My right hon. Friend just said that, if she manages to get her withdrawal agreement approved by this House, she does not want the next stage of serious negotiations about our long-term future to proceed in the same way and that she will give a greater role to Parliament. I strongly endorse that. We cannot have another arrangement where she reaches a perfectly satisfactory agreement on the three points that she had and then we descend into parliamentary farce as different people argue about what changes they like. Is not the best way of proceeding, if she gets her withdrawal agreement through, to have some indicative votes in the House of Commons before the serious negotiations start, so that the Government can go into those negotiations knowing what a broad mass of Parliament is likely to support and to back if she can achieve it?

The Prime Minister
I thank my right hon. and learned Friend for that point. Actually, I think that there a number of ways in which we can ascertain what the views of the House would be prior to entering into the next stage of negotiations. Obviously, we have been looking at the details of that and will want to be consulting and talking across the House in relation to that matter, but, as he rightly indicated, the first step in order to get to that stage is to pass the deal tonight.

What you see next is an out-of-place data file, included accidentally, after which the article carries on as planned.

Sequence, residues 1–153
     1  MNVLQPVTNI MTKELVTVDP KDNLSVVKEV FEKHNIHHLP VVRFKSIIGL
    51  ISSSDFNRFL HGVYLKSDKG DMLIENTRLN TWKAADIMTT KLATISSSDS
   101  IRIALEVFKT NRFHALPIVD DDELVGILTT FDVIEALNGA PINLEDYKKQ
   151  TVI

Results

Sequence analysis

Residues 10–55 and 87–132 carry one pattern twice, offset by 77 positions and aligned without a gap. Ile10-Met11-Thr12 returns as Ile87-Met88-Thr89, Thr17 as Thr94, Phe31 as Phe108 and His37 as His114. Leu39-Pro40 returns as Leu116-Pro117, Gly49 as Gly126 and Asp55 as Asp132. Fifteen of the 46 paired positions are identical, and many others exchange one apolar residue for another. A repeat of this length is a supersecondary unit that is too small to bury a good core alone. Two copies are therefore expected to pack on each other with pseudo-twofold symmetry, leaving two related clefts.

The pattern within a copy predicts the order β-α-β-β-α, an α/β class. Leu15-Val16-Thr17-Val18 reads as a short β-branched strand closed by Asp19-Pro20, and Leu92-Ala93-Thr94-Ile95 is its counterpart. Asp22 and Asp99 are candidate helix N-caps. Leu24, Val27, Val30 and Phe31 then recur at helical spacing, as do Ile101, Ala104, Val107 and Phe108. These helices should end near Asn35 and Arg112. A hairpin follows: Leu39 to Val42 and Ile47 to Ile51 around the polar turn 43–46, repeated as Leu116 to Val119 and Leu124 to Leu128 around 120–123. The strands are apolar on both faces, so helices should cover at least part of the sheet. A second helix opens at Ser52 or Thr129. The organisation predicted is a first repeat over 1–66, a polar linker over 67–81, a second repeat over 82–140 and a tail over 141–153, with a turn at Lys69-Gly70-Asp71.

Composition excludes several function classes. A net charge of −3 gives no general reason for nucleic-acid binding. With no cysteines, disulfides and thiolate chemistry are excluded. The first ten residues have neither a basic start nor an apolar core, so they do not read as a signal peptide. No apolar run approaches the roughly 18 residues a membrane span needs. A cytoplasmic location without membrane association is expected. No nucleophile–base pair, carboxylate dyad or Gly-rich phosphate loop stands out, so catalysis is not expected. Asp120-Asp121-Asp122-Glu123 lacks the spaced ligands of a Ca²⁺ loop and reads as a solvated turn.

The Prime Minister
I really am going to try to make a little more progress. I have been extremely generous with interventions. Not everybody in this House is as generous as I am when it comes to interventions. [Hon. Members: “Hear, hear.”]

I set out to the House two weeks ago the specifics of what will happen if the deal is rejected tonight. We will first return tomorrow to consider whether the House supports leaving the European Union on 29 March without a withdrawal agreement and a framework for a future relationship. If the House votes against no deal, it will vote on whether to seek an extension of article 50.

I sincerely hope that the House does not put itself in that invidious position. We can avoid it by supporting what I profoundly believe is a good deal, and a substantially better deal than we had eight weeks ago, but if it comes to it, the choices will be bleak. In the long term, we could ultimately make a success of no deal, but there would be significant economic shock in the short term. Be in no doubt about the impact that would have on businesses and families. We would lose the security co-operation that helps to keep us safe from crime, terrorism and other threats, and we would risk weakening support for our Union.

I note that the right hon. Member for Ross, Skye and Lochaber (Ian Blackford) tabled an amendment seeking a second Scottish independence referendum. Polling shows that support for both Scottish independence and a united Ireland would be higher if we left without a deal, while, in the absence of institutions in Northern Ireland, a no deal would create a substantial problem of governance there.